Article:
Three Days of Learning and Inspiration at AMC’S SAFETY CONFERENCE 2018

Story and Photos by MS. KIM KNIGHT, Staff Writer

On September 11, 2018, safety professionals from around the world assembled for the Air Mobility Command Safety Conference held in Fairview Heights, Illinois. Throughout the first day, those in attendance paid solemn tribute to the 17th anniversary of the national tragedy, which serves as a reminder of the importance of our steadfast dedication to upholding our nation’s security and safety.

This three-day event was packed with informative sessions on a well-devised, wide range of topics for the various safety divisions—occupational, flight, and weapons. AMC safety staff reached out to several agencies and noteworthy speakers for a diversity of themes, including cutting-edge initiatives and innovations, education, leadership perspectives, Safety Investigation Boards, and safety cross-tell.

Air Force Chief of Safety and Commander of the Air Force Safety Center Maj Gen John Rauch kicked off the conference by discussing Air Force-wide safety strengths and weaknesses. He talked candidly about the root issues behind sound risk management, saying often those making decisions involving mishaps are inexperienced.

Airmen have much to look forward to in the near future—mission planning improvements, software upgrades, removal of some additional duties, and improvements for direct hiring so there is no lapse in personnel. Publication fatigue is being addressed, numerous Air Force Instructions have been pulled, and publications will be moving to electronic format.

Maj Gen Samuel “Bo” Mahaney the current Chief of Staff, Air Mobility Command, Scott AFB, Illinois, stressed good communication, saying feedback is important and information flows both ways.

“Airmen … should provide useful feedback, so changes can be implemented,” he said.

Brig Gen John Lamontagne, the Commander of the 618th Air Operations Center (AOC) at Scott AFB, talked about rebranding the AOC and reflected on his assessment of the Air Force over the last three decades by comparing it to a three-legged stool.

“The legs are mission, readiness, and squadron vitality,” he said. “We have prioritized mission in the past and are shoring up the other two now.” He also reassured attendees that every commander has his complete support for safety of flight calls. If Airmen get pushback, he said it is important to stand firm for the lives at stake.

In 2015, while aboard a British helicopter en route from the Kabul International Airport to the NATO headquarters, Col Laurel “Buff” Burkel endured what no one wishes—a crash that resulted in five fatalities. Once out of the twisted wreckage, her serious injuries were not visibly apparent. However, first responders stabilized her and she was later treated for a broken neck. She spoke of the causes and findings of the safety investigation that followed. Burkel returned to work only 11 months after the crash and is back on flight status. Her story is one of perseverance and personal strength on the road to full recovery.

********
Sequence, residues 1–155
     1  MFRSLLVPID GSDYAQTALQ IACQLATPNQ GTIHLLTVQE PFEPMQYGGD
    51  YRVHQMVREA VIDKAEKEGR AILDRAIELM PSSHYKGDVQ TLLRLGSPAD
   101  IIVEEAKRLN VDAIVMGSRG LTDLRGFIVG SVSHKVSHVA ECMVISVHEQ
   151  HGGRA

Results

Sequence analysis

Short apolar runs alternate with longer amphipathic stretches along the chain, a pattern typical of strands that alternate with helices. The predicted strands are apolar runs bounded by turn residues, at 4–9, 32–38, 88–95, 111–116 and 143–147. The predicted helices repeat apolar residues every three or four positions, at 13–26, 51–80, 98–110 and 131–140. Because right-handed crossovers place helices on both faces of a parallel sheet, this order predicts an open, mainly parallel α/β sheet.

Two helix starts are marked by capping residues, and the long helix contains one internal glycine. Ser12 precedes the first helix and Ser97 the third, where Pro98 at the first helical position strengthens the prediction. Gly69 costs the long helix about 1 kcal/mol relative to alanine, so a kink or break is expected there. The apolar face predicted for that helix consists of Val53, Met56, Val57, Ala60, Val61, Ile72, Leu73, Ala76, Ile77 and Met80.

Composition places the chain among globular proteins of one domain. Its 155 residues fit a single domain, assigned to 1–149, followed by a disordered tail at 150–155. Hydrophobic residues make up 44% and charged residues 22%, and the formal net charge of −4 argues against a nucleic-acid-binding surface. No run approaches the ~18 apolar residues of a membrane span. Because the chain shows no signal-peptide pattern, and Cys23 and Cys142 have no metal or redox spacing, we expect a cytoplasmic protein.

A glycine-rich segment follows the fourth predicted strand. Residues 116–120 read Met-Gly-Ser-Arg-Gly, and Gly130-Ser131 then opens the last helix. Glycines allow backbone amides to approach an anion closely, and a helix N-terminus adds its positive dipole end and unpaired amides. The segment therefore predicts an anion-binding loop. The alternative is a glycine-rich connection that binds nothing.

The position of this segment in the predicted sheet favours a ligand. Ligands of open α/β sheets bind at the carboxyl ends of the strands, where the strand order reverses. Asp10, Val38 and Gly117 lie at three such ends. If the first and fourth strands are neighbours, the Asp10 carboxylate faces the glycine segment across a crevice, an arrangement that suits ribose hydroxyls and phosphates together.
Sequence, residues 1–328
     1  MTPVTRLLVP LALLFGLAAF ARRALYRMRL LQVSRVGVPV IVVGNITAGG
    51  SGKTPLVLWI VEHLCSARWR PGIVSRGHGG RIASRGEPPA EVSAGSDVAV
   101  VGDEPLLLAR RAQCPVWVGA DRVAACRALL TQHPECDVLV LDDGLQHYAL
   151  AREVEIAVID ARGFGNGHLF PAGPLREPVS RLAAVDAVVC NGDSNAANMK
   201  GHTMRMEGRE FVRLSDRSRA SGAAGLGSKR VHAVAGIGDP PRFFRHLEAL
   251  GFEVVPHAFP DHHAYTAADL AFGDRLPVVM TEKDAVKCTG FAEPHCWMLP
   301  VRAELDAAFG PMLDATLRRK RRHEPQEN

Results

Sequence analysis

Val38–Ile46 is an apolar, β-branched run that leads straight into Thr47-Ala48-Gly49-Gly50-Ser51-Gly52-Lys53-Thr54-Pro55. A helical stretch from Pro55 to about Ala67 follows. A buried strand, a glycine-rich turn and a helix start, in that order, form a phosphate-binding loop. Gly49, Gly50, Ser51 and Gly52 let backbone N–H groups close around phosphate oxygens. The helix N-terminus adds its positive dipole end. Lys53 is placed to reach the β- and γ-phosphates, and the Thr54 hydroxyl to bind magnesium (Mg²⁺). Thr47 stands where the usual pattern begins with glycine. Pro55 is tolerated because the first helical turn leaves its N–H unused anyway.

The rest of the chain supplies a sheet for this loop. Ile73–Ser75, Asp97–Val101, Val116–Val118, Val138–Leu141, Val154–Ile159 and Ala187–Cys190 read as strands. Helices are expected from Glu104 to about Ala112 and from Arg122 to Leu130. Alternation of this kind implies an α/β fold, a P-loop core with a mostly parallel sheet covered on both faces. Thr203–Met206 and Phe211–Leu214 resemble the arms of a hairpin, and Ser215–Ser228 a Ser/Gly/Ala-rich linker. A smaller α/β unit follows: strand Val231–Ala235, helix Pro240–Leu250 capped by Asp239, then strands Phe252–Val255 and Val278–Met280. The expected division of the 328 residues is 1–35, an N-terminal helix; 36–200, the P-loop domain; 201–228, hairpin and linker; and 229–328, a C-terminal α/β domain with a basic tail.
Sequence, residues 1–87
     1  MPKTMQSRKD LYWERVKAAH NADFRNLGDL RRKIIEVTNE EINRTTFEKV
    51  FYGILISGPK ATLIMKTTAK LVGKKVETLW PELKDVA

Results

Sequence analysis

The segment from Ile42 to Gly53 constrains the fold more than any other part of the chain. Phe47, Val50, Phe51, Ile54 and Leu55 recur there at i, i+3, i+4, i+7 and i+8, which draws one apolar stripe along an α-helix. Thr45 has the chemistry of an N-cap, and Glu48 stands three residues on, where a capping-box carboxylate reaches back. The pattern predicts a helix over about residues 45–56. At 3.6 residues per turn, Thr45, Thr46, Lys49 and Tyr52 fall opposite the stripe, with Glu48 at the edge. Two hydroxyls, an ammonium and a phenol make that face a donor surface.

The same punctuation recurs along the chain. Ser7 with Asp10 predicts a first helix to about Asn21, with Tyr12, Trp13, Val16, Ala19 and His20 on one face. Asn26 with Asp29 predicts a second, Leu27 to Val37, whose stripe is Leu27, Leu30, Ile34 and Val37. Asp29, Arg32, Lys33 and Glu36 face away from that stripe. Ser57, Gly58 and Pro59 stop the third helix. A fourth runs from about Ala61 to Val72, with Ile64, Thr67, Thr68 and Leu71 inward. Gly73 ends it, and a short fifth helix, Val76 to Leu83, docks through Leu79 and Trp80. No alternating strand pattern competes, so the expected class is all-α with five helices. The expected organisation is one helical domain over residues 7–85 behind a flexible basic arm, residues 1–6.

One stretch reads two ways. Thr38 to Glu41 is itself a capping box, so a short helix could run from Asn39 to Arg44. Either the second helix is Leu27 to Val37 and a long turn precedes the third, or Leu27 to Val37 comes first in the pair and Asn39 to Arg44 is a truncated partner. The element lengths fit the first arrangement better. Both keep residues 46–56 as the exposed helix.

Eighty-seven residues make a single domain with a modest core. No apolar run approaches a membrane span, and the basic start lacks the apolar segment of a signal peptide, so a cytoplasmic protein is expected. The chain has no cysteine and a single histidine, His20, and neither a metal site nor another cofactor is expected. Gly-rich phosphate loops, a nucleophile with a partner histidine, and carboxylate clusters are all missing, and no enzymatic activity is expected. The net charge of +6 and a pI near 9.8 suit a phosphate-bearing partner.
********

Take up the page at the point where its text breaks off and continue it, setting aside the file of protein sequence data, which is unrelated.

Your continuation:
Col Leslie Maher of the 375 AMW/CC reflected on what she called the most gratifying, yet challenging work of her more than 30 years in the Air Force—a deployed contingency operation in Haiti. In the wake of Hurricane Matthew in 2016, Maher led the 621st Contingency Response Group as it brought much-needed food and medical care to the hard-hit Haitians. Functioning from an overcrowded international airport to disperse goods and equipment across unsound infrastructure was not an easy task, but the team accomplished the mission in 18 days.

Lt Col Bridgette Kennedy, Safety Investigation Board President, discussed a large-scale, Class A occupational investigation and the difficulties and challenges experienced from start to finish. She stressed that one of the keys to a successful operation is to remember that the team is not functioning alone. Her team prevailed through determination and by reaching out to all those in AMC’s Safety directorate who helped by providing direction and support throughout the investigation.

Mr. Brian Udell, former Air Force Captain and F-15E fighter pilot, shared his incredible story. He was one of a few individuals to survive ejection at 780 miles per hour. He was stranded in the Atlantic Ocean, his body so extremely injured that he could only partially use one arm. He had no life preserver in the 60-degree water in the pitch black of night. Fighting against the odds, he used his training and willpower to survive four hours before the Coast Guard helicopter rescue.

The 2018 AMC Safety Conference leveraged innovation, leadership, and cross-tell, resulting in an invaluable experience for safety professionals across the Air Force. As we look ahead, let AMC Safety know about speakers, instructors, and topics that would be meaningful to you at future conferences. AMC strives to keep safety interesting, relevant, and an integral part of everyday Air Force culture.